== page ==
It was the first known fatality from Cindy. Otherwise, the storm was blamed for widespread coastal highway flooding, rough seas and scattered reports of power outages and building damage caused by high winds. There were numerous reports of waterspouts and short-lived tornadoes spawned by the storm. National Weather Service forecasters estimated the storm had dumped anywhere from 2 to 10 inches (50 to 250 millimeters) of rain on various spots along the Gulf Coast from southern Louisiana to the Florida panhandle as of Wednesday. And more rain was on the way. Alek Krautmann of the National Weather Service in Slidell, Louisiana, said Thursday’s pattern would likely be much like Wednesday’s: Bands of intermittent, sometimes heavy rain spinning onto the coast.
In Gulfport, Mississippi, Kathleen Bertucci said heavy rainfall Wednesday sent about 10 inches of water into her business, Top Shop, which sells and installs granite countertops.
“It’s pretty disgusting, but I don’t have flood insurance because they took me out of the flood zone,” said Bertucci, whose store is near a bayou. “We’re just trying to clean everything up and hope it doesn’t happen again.”
In nearby Biloxi, a waterspout moved ashore Wednesday morning. Harrison County Emergency Management Director Rupert Lacy said there were no injuries but fences, trees and power lines were damaged. Storms also downed trees in the Florida Panhandle. Fort Walton Beach spokeswoman Jo Soria said fallen trees hit houses and cars in what she called “pockets of wind damage” in two or three residential neighborhoods. The White House said President Donald Trump was briefed on the storm Wednesday by Homeland Security Adviser Tom Bossert.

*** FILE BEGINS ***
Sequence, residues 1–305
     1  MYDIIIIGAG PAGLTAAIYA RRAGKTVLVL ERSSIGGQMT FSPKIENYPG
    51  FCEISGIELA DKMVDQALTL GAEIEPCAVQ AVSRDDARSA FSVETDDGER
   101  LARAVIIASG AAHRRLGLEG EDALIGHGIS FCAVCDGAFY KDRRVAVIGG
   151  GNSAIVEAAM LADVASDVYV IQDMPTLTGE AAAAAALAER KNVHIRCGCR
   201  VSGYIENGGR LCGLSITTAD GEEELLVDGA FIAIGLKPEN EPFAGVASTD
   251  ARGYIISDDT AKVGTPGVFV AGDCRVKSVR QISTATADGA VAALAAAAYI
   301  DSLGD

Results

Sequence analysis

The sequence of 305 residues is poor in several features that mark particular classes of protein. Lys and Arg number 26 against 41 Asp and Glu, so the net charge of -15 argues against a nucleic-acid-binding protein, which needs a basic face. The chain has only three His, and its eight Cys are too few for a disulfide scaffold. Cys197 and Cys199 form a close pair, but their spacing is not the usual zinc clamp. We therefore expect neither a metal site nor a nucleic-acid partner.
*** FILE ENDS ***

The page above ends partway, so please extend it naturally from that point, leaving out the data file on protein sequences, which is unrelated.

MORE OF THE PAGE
Louisiana Gov. John Bel Edwards declared a state of emergency, like his Alabama counterpart a day earlier. He was among authorities stressing that the storm’s danger wasn’t limited to the coast. In Knoxville, Tennessee, the power-generating Tennessee Valley Authority, said it was drawing down water levels on nine lakes it controls along the Tennessee River and its tributaries in Tennessee, Alabama and Kentucky, anticipating heavy runoff from Cindy’s rains once the storm moves inland. The TVA manages 49 dams to regulate water, provide power and help control downstream flooding. In Alabama, streets were flooded and beaches were closed on the barrier island of Dauphin Island. Some roads were covered with water in the seafood village of Bayou La Batre, but Becca Caldemeyer still managed to get to her bait shop open at the city dock. If only there were more customers, she said.
“It’s pretty quiet,” Caldemeyer said by phone from Rough Water Bait and Tackle. “Nobody can cast a shrimp out in this kind of wind.”
Rough seas also led to the rescue of a shrimp trawler in danger of sinking off the coast of Texas. The U.S. Coast Guard said crew of the trawler Footprint was about 80 miles (130 kilometers) southeast of Galveston when the crew radioed that the vessel was taking on water faster than onboard pumps could clear it. A helicopter crew lowered and extra pump that enabled the shrimp boat crew to clear enough water to stay afloat. A Coast Guard cutter escorted the vessel to Freeport, Texas.
Associated Press writers Janet McConnaughey in New Orleans; Melinda Deslatte in Baton Rouge, Louisiana; Jeff Amy and Emily Wagster in Jackson, Mississippi; Jay Reeves in Birmingham, Alabama; Kimberly Chandler in Montgomery, Alabama; and Brendan Farrington in Tallahassee, Florida, contributed to this report.